Its extremely difficult to go beyond O-7 in the Air Force unless your part of the good 'ole boys Club (Academy grad and/or pilot and/or related to high ranking officer).

    Its a wonderful career. Qualifying as a pilot and flying fighters is a different ball game then transports or helos. Its a very worthwhile career. Though if you want to be a pilot, be prepared to be gone frequently which WILL make it tough on family.

    For schooling, 75% of tuition is paid for and you can make up the left over 25% with other programs, plus the G.I. Bill (around $25k over 36 months for $1200 initial contribution).

    I turned down a computer engineering degree, 100% paid for, in order to work in the corporate world because of money issues and family. Given the choice, I would have stayed in.

    Good luck.. there's a few of us that could answer questions you might have regarding the service on here. Don't be discouraged, there's a lot more to it than rank however, and if you have the drive you'll go far.

    Sunny
     
  6. davel

    davel Guest

    Tim dont sweat the Academy thing. Trust me. Ive been flying for the Navy for 14 yrs now and plenty of people promote to Admiral/General who are OCS/ROTC grads.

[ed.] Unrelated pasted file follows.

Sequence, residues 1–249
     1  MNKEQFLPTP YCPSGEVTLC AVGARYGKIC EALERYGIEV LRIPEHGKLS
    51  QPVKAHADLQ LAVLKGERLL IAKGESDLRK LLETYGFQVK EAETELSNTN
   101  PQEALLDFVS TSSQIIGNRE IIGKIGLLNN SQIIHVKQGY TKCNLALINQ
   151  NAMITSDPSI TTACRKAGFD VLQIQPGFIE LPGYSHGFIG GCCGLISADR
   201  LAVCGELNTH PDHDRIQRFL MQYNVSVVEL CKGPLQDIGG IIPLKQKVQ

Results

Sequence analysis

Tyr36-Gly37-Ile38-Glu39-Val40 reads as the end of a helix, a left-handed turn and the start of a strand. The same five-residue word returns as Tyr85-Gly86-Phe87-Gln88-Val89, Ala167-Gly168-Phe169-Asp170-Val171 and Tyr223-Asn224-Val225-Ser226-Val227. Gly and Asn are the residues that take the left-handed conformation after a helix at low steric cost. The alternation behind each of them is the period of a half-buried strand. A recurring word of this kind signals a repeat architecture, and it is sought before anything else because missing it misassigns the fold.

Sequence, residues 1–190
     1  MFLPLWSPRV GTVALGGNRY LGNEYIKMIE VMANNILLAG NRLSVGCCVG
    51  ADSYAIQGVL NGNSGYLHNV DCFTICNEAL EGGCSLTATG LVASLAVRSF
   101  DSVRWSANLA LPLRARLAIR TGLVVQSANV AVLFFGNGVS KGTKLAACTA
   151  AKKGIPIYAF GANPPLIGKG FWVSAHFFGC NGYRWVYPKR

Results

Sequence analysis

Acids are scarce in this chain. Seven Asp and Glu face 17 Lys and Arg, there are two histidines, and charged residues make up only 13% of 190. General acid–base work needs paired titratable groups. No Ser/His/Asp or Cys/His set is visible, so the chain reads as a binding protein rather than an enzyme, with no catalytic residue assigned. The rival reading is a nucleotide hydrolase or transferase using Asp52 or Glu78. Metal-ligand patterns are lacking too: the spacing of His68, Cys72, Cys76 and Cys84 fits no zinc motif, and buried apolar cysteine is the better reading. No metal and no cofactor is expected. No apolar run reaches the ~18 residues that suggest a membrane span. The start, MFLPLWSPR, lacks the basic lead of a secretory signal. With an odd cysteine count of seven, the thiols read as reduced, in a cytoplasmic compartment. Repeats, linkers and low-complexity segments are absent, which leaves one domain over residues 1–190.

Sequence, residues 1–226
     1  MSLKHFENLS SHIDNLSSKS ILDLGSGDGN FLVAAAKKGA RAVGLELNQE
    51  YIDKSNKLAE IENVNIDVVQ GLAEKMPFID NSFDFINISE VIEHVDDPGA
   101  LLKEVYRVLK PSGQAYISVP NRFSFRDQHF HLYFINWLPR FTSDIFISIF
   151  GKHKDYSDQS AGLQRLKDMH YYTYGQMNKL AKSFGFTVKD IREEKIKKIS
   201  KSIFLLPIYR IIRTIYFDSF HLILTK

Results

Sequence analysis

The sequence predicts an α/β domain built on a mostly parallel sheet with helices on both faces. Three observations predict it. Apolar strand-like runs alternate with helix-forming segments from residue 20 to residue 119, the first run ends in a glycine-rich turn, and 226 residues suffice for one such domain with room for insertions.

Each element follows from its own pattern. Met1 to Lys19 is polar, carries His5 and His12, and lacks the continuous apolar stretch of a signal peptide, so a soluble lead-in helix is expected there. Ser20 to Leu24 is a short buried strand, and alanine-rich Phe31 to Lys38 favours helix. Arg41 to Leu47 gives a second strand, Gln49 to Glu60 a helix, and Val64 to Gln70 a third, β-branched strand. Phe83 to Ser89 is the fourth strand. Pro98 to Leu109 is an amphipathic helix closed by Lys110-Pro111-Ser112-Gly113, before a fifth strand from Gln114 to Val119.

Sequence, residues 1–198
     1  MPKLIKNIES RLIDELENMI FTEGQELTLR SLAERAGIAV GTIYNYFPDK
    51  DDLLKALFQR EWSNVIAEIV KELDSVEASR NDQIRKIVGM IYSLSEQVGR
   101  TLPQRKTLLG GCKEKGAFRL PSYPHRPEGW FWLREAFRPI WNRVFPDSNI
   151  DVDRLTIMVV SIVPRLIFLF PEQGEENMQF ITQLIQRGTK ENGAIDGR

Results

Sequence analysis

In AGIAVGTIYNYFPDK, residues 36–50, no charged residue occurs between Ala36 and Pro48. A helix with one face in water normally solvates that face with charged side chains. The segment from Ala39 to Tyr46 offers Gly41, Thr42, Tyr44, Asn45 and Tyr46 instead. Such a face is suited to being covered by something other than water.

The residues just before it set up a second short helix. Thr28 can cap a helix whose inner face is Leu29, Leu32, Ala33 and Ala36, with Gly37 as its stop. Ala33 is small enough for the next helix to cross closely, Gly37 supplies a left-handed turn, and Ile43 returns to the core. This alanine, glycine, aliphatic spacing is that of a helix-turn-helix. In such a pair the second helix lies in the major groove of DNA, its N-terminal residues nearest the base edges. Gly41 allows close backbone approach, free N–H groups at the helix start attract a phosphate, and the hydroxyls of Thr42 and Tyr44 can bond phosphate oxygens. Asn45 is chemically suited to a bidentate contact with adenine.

Either service would be fine and dont look too far ahead for something like that. I also recommend you talk to the Navy as well as flying off aircraft carriers is about as radical as flying gets in the military.
    Im a Naval Flight Officer, "goose" if you have seen Topgun. We fly in all multi-seat Naval aircraft. Ive flown both fighters and support aircraft. Its been a great adventure thus far. I would like to have been a pilot but when I applied my vision was not good enough. Now it is but its too late for me to apply for a transition to pilot.
    Keep track of your vision and if its not pilot rated dont sweat it. The view from the backseat is pretty freakin good too! Hope this helps, and contact me at anytime for some other info. I have plenty of great pics Ive taken flying. DaveL :)
     
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  8. JaguarXJ6

    JaguarXJ6 F1 Veteran

    Feb 12, 2003
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    Sunny